However, we thought that a little more detail would be helpful if you’re looking to start down this path.
And for those labs already holding NATA accreditation, there’s some hints for you as well.
Know your why
Gaining and maintaining accreditation takes a substantial time and financial investment. Before heading off on this journey you should be clear on why you’re doing it.
Is your reason customer driven? If so, this will help you decide which tests and methods you can request on your Scope of Accreditation with NATA. Remember, not all of your tests and methods need to be accredited.
If it’s not because of your customers or mandated, then consider carefully what you hope to gain by achieving accreditation.
Get ready to read
There’s plenty of information on the NATA website about how to become accredited. You could contact them directly and ask them to point you in the right direction in terms of technical requirements. This could also be a good time to ask about a cost estimate for the process.
Once you have all this information, you’re in for some serious reading! You’ll need to determine if your lab meets the criteria and identify any areas where it may not.
This would be the perfect time to contact MAS and discuss a gap analysis visit.
Examining your quality system
The gap analysis will have shown you where you are missing processes or procedures in your system. Remember, your quality system extends to the ‘technical’ parts of your work, including methods, staff, and equipment.
You may have an excellent system in place, but the documentation is letting you down. Or you may have a series of documents on processes but they’re out-of-date.
Again, MAS can help with this by helping to capture and refine your processes into documents, carrying out an internal audit or training your staff to do them.
NATA advisory visit
Is your system ready for examination? Then it’s time for a NATA advisory visit.
This is an opportunity for NATA to give you feedback on your system and check if there are any gaps.
If there were any issues raised during the advisory visit, sort these out well in advance of the assessment. In fact, you often have to demonstrate that you’ve sorted out these issues before NATA will organise an assessment.
This will include a Technical Assessor with industry knowledge. The Technical Assessor will examine the technical aspects of your lab while the NATA staff member will review your quality system.
NATA will leave you with an assessment report which includes any nonconformances, known as ‘conditions for accreditation’. You’ll need to address all of these before being granted accreditation.
CONGRATULATIONS, you did it!! You’ll receive a certificate from NATA which includes your Scope of Accreditation.
You’ll now be able to issue reports with the NATA endorsement (be sure to read through the NATA Rules and comply with the requirements).
There will be regular NATA visits to check that your lab and quality system haven’t ‘drifted’ since your initial visit.
Surveillance visits with a NATA staff member occur after 1.5 years. At the three-year mark, expect a full reassessment with a Technical Assessor.
Are you accredited?
Once you hold accreditation and have settled into a maintenance routine, you may find additional tests or calibrations you want to add to your scope.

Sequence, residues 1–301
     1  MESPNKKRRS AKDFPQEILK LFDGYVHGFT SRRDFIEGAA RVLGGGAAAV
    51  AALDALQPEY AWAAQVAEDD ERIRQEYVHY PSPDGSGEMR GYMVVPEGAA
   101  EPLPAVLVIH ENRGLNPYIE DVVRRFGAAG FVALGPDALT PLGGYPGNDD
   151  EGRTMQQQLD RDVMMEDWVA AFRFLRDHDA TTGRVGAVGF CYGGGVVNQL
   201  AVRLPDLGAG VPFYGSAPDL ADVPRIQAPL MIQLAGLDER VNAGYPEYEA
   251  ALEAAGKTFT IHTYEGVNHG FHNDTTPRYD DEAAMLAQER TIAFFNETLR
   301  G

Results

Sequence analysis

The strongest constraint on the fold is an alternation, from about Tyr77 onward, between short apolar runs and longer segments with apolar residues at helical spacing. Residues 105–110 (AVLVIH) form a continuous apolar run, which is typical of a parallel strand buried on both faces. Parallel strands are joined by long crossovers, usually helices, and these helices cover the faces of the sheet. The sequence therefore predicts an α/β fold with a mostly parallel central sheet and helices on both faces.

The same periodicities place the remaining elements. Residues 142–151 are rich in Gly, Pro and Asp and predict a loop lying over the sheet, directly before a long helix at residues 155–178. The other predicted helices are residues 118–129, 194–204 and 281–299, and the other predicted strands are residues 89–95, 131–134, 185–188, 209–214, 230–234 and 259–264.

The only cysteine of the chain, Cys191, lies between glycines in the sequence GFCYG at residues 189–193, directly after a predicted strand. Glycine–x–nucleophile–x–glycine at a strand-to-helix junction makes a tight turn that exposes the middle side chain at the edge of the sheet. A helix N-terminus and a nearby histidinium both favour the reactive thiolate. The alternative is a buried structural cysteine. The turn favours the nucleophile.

Since you’re already in the accreditation ‘groove’ this shouldn’t be too difficult. Remember you’ll still need to cover the accreditation requirements laid out by NATA and the applicable standard.
But there are some things you need to consider. For example, how different from your current scope of accreditation is the additional work? If its quite different, such as a completely different scientific discipline, then there will be more effort involved in getting accredited for this work than if you were working within the same discipline. And when we say ‘discipline’, we’re talking about high level categories such as Chemistry, Biology, Molecular Biology, Nanotechnology, Physics, and Electrical Engineering.
You can apply to NATA for an addition to your scope at any time. Submit your application form along with supporting documents. NATA will review this and let you know what type of assessment activity you need.
The same form can be used for deleting tests from your scope.
WHY would you delete tests after going through this whole process, you ask? Because businesses change.
You may have tests on your original scope that you no longer carry out. Or they could be extremely infrequent. Or perhaps your clients no longer require accreditation for those particular tests. Rather than carrying them on your scope (and paying for them!) removing them could be the best option.
How can we help?
We can be there for you at every step of this process!
Our gap analysis and system audit of your system will ensure that your assessment team will see the very best version of your system.
We have a range of training courses to support you and your staff and ensure that things like your measurement uncertainty, traceability, internal audit and root cause analysis skills are up to scratch.
And our services in documenting your system can take the pain out of preparing the paperwork in an efficient and effective manner.
We can even be there on assessment day to support your team and, if necessary, to advocate on your behalf.
Contact Maree on 0411 540 709 or email email@example.com to arrange a confidential discussion.
Remember, you don’t have to do this alone!
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